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Preventing accidents in your dance studio

Implementing corrective action plans
Equipped with the above information, you can now move forward with proactive action steps to help maintain a safe studio environment. Accident Investigation Techniques – Second Edition, offers the following steps that may help support your efforts.

To be effective in preventing future accidents, corrective actions should be implemented using a three step process:

  1. Develop the corrective actions after the investigation produces causal factors. A causal factor is an event or circumstance that helped to cause an accident.
  2. Track the corrective actions. A database is useful for organizing and tracking information about the corrective actions.
  3. Follow-up to ensure that the corrective actions have been followed as initiated. If a corrective action is not used, accident prevention is not ensured.

Preventing Accidents further outlines more specific actions to help guide each step.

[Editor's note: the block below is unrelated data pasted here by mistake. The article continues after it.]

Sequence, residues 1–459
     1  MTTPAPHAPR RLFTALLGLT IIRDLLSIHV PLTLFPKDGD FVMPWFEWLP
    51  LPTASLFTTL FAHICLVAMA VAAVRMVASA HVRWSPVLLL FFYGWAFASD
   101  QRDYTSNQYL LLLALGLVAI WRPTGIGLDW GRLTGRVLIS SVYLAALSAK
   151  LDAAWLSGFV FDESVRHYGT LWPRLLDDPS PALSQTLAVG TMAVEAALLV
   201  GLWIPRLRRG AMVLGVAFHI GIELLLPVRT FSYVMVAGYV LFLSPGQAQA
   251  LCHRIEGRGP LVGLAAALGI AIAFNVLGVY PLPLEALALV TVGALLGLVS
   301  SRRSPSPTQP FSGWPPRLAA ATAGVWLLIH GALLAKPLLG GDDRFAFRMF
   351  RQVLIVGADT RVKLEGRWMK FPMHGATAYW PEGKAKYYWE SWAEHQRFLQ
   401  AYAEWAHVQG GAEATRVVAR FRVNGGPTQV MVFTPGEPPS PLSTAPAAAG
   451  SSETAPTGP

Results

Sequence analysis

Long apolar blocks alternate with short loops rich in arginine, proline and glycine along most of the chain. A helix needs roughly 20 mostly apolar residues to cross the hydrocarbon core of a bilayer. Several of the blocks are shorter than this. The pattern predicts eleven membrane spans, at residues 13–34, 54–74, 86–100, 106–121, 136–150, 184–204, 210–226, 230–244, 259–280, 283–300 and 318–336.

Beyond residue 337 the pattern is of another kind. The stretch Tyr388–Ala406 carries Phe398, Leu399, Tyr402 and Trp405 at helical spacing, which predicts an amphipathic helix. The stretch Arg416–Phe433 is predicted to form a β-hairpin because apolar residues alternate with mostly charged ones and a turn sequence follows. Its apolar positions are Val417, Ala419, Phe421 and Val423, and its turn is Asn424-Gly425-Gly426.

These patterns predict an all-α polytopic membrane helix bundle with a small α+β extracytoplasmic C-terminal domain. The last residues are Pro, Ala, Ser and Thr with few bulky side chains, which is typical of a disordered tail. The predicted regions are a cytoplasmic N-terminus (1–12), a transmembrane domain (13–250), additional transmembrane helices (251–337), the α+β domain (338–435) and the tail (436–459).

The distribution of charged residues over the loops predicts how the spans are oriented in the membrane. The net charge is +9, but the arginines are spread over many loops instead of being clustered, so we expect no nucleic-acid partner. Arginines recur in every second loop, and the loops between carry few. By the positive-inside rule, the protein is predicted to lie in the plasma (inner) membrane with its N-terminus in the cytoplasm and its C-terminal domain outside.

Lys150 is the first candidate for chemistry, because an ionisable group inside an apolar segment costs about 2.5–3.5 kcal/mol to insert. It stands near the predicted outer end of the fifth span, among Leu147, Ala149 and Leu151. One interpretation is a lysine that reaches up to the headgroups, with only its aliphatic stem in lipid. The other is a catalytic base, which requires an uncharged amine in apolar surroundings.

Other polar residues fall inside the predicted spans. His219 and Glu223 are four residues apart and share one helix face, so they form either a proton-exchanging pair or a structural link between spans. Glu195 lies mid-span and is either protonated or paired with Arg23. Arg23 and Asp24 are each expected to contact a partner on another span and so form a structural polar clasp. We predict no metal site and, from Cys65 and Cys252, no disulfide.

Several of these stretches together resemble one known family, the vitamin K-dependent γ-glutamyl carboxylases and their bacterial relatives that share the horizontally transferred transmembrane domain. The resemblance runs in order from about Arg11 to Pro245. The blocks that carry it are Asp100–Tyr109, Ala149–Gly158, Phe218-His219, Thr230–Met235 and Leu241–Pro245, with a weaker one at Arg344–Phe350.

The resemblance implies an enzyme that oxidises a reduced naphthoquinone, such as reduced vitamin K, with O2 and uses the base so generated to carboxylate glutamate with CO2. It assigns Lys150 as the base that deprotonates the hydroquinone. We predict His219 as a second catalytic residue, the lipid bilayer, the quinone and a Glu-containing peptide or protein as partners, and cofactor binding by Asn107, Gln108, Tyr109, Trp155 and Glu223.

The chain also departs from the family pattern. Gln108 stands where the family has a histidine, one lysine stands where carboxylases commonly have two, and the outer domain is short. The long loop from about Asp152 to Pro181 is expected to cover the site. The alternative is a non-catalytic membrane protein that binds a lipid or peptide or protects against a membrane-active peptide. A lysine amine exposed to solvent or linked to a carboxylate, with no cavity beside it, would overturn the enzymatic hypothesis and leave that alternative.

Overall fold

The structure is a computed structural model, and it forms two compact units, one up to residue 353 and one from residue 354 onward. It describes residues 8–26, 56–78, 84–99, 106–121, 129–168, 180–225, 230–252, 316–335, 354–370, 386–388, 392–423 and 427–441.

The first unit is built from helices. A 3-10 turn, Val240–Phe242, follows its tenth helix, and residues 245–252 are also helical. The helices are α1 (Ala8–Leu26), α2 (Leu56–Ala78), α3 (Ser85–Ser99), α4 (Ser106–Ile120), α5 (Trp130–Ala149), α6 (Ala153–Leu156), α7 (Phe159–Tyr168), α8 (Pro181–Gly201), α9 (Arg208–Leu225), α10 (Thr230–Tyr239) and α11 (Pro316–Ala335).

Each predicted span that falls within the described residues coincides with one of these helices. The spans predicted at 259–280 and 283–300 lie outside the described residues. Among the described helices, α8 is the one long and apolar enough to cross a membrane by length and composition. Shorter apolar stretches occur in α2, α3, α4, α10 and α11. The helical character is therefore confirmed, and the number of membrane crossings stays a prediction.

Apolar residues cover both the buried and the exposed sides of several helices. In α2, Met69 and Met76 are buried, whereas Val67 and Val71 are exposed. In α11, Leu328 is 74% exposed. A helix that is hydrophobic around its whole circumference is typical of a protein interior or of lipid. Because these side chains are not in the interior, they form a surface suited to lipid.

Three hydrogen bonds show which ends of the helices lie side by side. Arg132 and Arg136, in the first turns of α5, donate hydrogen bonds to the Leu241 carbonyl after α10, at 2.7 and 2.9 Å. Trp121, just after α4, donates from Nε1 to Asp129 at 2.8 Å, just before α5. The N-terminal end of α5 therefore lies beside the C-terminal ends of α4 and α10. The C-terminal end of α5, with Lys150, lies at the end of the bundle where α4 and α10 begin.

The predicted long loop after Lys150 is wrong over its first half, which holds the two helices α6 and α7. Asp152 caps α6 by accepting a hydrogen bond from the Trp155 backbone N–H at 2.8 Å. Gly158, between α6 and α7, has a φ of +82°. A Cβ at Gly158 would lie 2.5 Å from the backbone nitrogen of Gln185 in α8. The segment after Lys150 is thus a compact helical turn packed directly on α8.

Tips for developing corrective actions:

  • Every accident should have at least one causal factor.
  • Develop at least one corrective action for each causal factor.
  • Communicate corrective actions clearly.
  • Make causal factors and corrective actions very specific so that the worker, supervisor, or manager knows exactly what the problem is and how to fix it.

Tips for tracking corrective actions:

  • Establish a timetable for each corrective action. If all the actions are assigned to a specific department or individual, they are usually implemented in a timely manner.
  • Consider using a database to track corrective actions. Include fields for a description of the action, an anticipated completion date, and the party responsible for carrying out the action.
  • Conduct a follow-up to make sure the corrective actions are in place and working correctly.

Follow-up steps:

  • Check that the corrective action has been completed correctly.
  • Make certain the corrective action works to prevent accidents.
  • Ensure that the corrective action is being used.
  • Be proactive. A follow-up is an excellent opportunity to observe hazards in the field. When performing the follow-up, check to see if any other hazards could cause an accident. Any hazard that has the potential to cause injury, illness, or damage should be analyzed and corrected.

Ref: Oakley, Jeffery S. Accident Investigation Techniques, Second Edition. Des Plaines, IL. The American Society of Safety Engineers. 2012